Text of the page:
Thanks to the World Wide Web, many holiday travelers are now using electronic reservation services to get discount rates on air fares and hotels.
But in these times of economic uncertainty, savvy consumers should be careful not to focus all their efforts on finding the lowest possible price, especially when seeking lodging.
Sometimes the information provided online is inaccurate, or conditions at the chosen venue may change drastically prior to your arrival. Let the voyager beware.
Here are some warning signs that your “bargain” hotel isn’t such a great deal after all:
1. A banner above the main entrance proclaims “Still open during Chapter 11 Proceedings!
2. Sign in lobby says “Llamas, sheep, or other livestock must not be left in rooms unattended.”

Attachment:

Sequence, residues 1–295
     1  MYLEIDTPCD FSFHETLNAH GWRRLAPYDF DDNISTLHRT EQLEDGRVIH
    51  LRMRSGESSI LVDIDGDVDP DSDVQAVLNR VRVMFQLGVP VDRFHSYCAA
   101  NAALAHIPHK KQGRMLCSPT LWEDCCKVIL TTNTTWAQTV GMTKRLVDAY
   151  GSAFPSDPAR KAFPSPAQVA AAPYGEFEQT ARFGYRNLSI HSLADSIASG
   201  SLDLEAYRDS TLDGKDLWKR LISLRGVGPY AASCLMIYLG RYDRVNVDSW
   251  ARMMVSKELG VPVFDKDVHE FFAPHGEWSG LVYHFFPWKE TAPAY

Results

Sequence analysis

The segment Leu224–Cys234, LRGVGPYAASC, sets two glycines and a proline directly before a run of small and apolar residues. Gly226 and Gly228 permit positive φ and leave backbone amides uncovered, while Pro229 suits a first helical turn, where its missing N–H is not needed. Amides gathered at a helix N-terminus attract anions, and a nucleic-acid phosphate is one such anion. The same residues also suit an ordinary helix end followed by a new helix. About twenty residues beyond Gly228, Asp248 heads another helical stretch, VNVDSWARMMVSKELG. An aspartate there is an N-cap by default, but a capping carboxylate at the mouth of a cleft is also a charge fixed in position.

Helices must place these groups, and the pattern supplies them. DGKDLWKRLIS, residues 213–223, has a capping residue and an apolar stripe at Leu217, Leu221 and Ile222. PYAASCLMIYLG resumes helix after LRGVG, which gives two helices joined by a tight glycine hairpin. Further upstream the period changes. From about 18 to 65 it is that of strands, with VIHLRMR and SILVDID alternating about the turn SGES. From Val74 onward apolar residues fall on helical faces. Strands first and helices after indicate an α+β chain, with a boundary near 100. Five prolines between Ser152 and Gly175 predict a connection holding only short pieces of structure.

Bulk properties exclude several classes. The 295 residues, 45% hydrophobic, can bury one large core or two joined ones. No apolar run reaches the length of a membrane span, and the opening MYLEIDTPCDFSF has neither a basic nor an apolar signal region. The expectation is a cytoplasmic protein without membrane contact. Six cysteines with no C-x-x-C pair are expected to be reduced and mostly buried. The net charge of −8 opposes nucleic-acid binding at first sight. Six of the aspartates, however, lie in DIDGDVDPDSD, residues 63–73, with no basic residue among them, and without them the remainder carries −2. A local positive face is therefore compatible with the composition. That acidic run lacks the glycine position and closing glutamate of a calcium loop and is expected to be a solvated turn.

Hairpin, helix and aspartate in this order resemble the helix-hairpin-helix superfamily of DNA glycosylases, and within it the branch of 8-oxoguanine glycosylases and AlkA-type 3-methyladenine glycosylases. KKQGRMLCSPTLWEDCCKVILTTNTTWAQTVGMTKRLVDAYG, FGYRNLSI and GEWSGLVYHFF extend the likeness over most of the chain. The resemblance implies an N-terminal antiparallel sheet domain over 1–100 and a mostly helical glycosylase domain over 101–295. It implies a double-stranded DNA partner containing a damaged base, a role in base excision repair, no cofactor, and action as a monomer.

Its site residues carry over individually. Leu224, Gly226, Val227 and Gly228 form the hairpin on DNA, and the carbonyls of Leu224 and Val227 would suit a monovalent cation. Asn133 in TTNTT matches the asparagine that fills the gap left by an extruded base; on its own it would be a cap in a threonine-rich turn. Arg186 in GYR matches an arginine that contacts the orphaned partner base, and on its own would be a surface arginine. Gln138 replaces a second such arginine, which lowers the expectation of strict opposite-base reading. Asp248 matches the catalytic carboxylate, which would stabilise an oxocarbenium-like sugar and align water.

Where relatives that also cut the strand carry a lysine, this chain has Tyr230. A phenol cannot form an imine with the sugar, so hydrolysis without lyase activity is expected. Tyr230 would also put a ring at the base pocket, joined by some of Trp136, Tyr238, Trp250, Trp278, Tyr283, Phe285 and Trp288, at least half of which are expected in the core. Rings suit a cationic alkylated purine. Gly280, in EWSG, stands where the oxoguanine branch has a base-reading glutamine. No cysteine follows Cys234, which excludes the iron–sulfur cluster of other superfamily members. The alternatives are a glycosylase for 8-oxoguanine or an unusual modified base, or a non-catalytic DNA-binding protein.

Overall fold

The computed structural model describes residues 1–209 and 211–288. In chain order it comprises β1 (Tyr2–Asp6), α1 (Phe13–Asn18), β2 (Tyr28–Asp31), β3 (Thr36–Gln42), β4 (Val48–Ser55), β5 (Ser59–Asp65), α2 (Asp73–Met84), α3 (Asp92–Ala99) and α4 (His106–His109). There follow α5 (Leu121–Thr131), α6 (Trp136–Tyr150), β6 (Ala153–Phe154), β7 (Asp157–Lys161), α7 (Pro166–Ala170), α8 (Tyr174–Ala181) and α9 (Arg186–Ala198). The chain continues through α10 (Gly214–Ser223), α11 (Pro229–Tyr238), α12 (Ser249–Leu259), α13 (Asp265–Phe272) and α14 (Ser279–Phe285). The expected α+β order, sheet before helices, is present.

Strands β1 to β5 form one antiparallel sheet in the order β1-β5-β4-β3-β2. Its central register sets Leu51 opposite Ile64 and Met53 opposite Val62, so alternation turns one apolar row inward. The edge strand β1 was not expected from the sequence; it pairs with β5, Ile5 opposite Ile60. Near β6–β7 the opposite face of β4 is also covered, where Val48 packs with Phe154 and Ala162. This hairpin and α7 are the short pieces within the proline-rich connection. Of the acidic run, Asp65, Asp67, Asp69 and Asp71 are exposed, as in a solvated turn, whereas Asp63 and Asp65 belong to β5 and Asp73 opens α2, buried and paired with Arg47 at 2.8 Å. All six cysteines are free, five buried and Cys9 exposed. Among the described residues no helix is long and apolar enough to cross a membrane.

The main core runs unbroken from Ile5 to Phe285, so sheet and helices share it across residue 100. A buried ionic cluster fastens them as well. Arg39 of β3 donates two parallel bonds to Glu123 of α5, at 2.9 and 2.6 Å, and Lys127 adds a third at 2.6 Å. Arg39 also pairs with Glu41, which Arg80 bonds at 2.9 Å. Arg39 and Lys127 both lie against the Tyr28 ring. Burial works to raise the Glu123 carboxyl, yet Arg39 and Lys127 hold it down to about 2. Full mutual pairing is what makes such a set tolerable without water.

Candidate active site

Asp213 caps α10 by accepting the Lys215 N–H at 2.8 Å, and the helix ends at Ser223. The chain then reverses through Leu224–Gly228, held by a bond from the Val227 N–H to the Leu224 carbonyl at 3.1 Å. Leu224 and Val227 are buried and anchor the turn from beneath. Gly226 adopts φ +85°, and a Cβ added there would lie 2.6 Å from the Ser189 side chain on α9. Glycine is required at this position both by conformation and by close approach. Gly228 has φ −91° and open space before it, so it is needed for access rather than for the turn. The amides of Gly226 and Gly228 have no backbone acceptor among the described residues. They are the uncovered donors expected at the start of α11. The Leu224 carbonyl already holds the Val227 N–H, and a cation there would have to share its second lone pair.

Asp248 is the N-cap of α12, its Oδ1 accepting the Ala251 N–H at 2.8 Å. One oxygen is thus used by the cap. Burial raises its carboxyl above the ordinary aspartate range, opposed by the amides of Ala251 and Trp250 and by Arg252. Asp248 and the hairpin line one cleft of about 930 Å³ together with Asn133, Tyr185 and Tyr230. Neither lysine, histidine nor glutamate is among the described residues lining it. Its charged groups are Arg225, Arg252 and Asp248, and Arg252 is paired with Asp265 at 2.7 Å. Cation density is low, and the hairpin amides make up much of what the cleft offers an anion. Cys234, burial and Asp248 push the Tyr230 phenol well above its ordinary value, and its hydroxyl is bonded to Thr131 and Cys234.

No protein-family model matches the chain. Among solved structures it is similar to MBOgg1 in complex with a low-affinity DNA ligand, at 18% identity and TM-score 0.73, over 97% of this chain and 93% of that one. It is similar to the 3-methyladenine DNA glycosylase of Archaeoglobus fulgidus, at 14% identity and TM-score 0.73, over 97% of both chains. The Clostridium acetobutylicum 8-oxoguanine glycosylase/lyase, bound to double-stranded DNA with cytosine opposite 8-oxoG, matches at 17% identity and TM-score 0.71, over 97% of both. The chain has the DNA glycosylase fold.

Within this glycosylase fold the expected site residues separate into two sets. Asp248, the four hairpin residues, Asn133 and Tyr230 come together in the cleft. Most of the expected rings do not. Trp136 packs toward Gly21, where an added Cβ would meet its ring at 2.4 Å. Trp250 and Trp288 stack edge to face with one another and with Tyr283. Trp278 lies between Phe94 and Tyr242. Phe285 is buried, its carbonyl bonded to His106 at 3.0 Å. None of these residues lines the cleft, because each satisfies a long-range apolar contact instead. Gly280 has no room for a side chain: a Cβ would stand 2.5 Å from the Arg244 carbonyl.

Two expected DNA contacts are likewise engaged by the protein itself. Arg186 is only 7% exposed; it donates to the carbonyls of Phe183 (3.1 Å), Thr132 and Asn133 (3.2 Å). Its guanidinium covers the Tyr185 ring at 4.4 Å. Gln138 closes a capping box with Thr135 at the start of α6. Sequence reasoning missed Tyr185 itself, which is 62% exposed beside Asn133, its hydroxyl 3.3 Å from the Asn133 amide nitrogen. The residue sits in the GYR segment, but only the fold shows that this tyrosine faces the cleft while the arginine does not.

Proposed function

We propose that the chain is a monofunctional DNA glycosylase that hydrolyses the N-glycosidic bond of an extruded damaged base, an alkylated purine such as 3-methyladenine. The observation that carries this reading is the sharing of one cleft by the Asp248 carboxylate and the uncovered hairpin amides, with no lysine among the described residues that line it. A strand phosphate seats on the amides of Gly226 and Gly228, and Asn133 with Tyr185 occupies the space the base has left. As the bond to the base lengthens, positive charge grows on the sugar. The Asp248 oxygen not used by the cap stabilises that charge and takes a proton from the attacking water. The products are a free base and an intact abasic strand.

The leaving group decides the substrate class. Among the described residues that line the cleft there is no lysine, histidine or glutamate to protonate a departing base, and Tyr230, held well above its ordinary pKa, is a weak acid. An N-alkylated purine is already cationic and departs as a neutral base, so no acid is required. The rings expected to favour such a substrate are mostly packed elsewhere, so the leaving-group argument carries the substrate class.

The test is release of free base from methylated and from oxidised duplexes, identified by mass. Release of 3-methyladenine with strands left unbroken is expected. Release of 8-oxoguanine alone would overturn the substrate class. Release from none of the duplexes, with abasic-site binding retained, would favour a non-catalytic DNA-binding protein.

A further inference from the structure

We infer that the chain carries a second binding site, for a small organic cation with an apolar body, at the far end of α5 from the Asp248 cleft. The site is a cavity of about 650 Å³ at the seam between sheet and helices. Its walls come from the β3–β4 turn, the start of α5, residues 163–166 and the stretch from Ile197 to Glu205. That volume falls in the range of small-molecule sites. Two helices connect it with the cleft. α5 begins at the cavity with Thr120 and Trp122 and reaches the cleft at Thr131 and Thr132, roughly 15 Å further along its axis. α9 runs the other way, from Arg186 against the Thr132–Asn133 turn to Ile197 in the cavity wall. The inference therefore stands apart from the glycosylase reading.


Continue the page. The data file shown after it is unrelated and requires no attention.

3. The registration card requires you to fill in your name, home address, and next of kin.
4. The desk clerk asks, “Would you prefer a view of the bombing range or acid pits?”
5. The clerk hands you a box and says, “Here are the light bulbs for your room. Be sure to return them when you check out.”
6. As you pass by the swimming pool, a guy holding a fishing pole grins at you and exclaims, “The crappies are bitin’ great today!”
7. In place of a TV set, there is a leather-bound songbook titled, “Favorite Doughboy Tunes of World War I.”
8. Box of graham crackers and packet of instant cocoa are bound with decorative ribbon and labeled “complimentary continental breakfast.”
9. When you call the front desk to ask where the ice machine is located, the voice on the other end says, “We don’t have ice right now – the river isn’t frozen.”
10. After you’ve unpacked and settled in, the phone rings and the manager says, “The bad news is we’ve accidentally overbooked the hotel with a troupe of carnival sideshow acts. The good news is your new roommate is The Human Bat, so he’ll spend most of his time hanging upside down in the closet.”